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David Rokeby : I’m an interactive artist; I construct experiences

Louise Boisclair

Long Wave, David Rokeby, LuminaTO, Toronto

Interactive installations would not have became what they are without pioneers like David Rokeby who devoted three decades to tame them, making them accessible, subtle and fruitful of complex resonances. His artworks speak several languages, visual, auditory, proprioceptive, synesthetic. Their vocabulary is rooted in our relationship with the world and the perception of our every move. Coupling calculated programming and artistic intention open and original, Rokeby talks about his artistic development by revisiting several works with his visceral understanding of interactivity or interaction, particularly the creative sap of  Very Nervous System and the subtle composition of Taken. As the lamplighter of the Little Prince, David Rokeby is a consciousness lighter.

About interactivity 

Years of development and sources of inspiration 

Seen, Biennale de Venise, David Rokeby, 2002

L. B. : Can you speak about what talents, interests and motivations brought you to the creation of interactive art work ? Is it something that you dreamt of when you were a kid? How did it appear in your life and how did it became a constant in your life?  You seem to be in your « element » as Ken Robinson qualifies people whose work seem to be a passion that lasts.

D. R. : I think creating interactive experiences has been for me a way to bridge theory (scientific and cultural) and embodied practice. I never feel comfortable unless I am in the act of connecting an idea with a thing. I always had a very sensuous connection to ideas. It took me a long time through my teens to find an outlet for this odd mixture. Working as I do, not only interactively, give me a way to keep connecting the abstract and the particular.

It started in my life in Art school. I was looking for ways to address the viewer’s subjectivity. I was troubled by the fact that when I mixed sounds together, every combination was interesting, and so I was unsure what my role as organizer of those sounds was. Interactive systems allowed me to present the set of potential combinations rather than the combinations themselves. I was looking for ways of representing or sculpting or twisting time... All these things were part of what led me there. I had separated myself from society at some point in my teens, and interactivity was also a way to explore and reclaim the value of social relations.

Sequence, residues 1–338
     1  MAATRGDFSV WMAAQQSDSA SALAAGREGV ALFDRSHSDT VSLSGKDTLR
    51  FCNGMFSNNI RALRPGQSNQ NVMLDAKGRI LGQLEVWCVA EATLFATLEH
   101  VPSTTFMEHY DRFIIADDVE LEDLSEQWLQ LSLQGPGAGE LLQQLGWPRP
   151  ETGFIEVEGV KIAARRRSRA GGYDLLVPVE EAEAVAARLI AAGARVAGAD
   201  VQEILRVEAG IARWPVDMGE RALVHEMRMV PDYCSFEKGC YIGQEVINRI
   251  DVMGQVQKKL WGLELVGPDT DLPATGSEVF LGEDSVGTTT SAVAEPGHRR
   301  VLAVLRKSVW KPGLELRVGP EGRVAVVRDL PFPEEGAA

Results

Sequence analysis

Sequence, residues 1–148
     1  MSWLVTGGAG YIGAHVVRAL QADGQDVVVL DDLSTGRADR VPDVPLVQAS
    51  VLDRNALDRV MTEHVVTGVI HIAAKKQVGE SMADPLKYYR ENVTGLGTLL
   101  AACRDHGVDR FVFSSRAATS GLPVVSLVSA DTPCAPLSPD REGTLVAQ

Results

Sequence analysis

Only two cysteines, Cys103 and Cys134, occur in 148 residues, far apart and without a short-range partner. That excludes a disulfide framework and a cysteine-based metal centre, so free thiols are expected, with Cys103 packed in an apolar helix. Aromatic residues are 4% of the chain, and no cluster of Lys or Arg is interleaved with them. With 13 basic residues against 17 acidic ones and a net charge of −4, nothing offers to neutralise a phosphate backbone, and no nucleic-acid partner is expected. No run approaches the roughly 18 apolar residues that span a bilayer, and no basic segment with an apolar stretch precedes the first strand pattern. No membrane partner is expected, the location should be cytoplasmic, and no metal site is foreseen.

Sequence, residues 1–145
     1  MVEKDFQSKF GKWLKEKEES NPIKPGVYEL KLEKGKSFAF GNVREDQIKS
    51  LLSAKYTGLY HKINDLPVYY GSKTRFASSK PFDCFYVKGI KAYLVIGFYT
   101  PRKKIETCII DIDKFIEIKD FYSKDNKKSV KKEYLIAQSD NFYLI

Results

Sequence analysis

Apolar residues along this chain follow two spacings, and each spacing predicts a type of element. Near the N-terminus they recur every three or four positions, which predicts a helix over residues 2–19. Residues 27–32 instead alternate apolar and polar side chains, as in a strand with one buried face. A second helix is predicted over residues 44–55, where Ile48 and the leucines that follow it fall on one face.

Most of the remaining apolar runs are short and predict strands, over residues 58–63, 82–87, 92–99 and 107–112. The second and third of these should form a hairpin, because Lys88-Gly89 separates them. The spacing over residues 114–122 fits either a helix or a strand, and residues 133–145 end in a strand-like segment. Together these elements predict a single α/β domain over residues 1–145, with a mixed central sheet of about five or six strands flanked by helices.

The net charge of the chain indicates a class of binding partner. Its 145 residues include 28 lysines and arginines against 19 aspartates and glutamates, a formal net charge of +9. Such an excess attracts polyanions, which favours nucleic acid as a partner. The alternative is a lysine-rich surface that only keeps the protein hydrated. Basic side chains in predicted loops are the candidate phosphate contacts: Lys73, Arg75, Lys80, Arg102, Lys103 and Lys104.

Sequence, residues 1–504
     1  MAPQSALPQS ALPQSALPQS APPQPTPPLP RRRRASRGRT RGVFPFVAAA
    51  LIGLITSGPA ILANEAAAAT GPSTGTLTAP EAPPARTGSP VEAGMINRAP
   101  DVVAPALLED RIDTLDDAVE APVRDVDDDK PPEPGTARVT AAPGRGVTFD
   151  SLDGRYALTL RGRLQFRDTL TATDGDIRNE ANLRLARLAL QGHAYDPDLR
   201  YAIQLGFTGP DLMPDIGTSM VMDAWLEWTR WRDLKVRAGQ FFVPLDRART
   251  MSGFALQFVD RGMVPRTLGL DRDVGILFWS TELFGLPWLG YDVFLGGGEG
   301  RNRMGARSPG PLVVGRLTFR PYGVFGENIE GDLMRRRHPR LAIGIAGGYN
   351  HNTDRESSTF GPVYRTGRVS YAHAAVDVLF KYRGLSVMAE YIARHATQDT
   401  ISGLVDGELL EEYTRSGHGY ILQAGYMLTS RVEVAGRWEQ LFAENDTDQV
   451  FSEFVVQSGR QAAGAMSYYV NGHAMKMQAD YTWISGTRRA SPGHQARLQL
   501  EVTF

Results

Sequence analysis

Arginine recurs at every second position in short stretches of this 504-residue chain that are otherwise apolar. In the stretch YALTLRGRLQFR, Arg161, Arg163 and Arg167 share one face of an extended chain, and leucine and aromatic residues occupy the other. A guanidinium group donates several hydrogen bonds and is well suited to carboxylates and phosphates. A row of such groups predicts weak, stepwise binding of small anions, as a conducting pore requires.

As for how it became a constant... it was for a time, a way to bring all my interests and questions together into one large enterprise. There was in 1989, however, the first glimmer of the fact that everything I did did not have to be interactive. Interactivity is somehow a surface feature of a set of interests that more correctly correspond to the deep set of interests that drive my passion.

L. B. : You mainly create interactive installations, what artistic filiations of installations, interactive or not, have inspired you ? Did you yourself practice music, painting, sculpture or any other medium? Any direct influence from your family? Were you fan of video games?

D. R.: As a boy, I drew cars and buildings and guitars and typefaces. I played guitar. I did some kinetic sculpture at the end of high school. I almost became an architect and a graphic designer. I wrote music for films. My family is not very artistically active. I think my father’s creativity was quite damaged by early experiences of rejection and criticism. I can fall into addiction with video games, but I have never been a fan. I could perhaps be a fan of making video games, but not of playing them.

L. B. : How about school, as an artist did you get along well in an organized environment, was it a good framework ? How did it serve, if it did, your artistic mission and your vision of projects to accomplish?